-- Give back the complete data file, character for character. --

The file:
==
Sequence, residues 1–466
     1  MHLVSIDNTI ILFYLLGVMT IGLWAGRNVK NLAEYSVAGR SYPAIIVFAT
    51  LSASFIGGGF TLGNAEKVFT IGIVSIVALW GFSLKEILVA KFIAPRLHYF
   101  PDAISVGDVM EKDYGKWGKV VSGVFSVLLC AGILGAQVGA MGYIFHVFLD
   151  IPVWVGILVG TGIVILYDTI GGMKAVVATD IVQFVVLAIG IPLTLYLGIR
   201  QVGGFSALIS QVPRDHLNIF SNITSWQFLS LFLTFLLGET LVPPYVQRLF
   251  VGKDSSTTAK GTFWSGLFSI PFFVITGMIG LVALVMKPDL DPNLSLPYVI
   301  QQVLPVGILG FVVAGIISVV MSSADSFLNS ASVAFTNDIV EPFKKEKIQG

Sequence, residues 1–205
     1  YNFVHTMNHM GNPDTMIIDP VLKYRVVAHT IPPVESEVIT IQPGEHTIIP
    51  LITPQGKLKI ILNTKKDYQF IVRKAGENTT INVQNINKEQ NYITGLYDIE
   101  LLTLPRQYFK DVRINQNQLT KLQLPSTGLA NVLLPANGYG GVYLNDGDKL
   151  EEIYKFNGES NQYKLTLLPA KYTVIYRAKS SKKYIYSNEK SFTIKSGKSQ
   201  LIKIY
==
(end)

Sequence, residues 1–466
     1  MHLVSIDNTI ILFYLLGVMT IGLWAGRNVK NLAEYSVAGR SYPAIIVFAT
    51  LSASFIGGGF TLGNAEKVFT IGIVSIVALW GFSLKEILVA KFIAPRLHYF
   101  PDAISVGDVM EKDYGKWGKV VSGVFSVLLC AGILGAQVGA MGYIFHVFLD
   151  IPVWVGILVG TGIVILYDTI GGMKAVVATD IVQFVVLAIG IPLTLYLGIR
   201  QVGGFSALIS QVPRDHLNIF SNITSWQFLS LFLTFLLGET LVPPYVQRLF
   251  VGKDSSTTAK GTFWSGLFSI PFFVITGMIG LVALVMKPDL DPNLSLPYVI
   301  QQVLPVGILG FVVAGIISVV MSSADSFLNS ASVAFTNDIV EPFKKEKIQG

Sequence, residues 1–205
     1  YNFVHTMNHM GNPDTMIIDP VLKYRVVAHT IPPVESEVIT IQPGEHTIIP
    51  LITPQGKLKI ILNTKKDYQF IVRKAGENTT INVQNINKEQ NYITGLYDIE
   101  LLTLPRQYFK DVRINQNQLT KLQLPSTGLA NVLLPANGYG GVYLNDGDKL
   151  EEIYKFNGES NQYKLTLLPA KYTVIYRAKS SKKYIYSNEK SFTIKSGKSQ
   201  LIKIY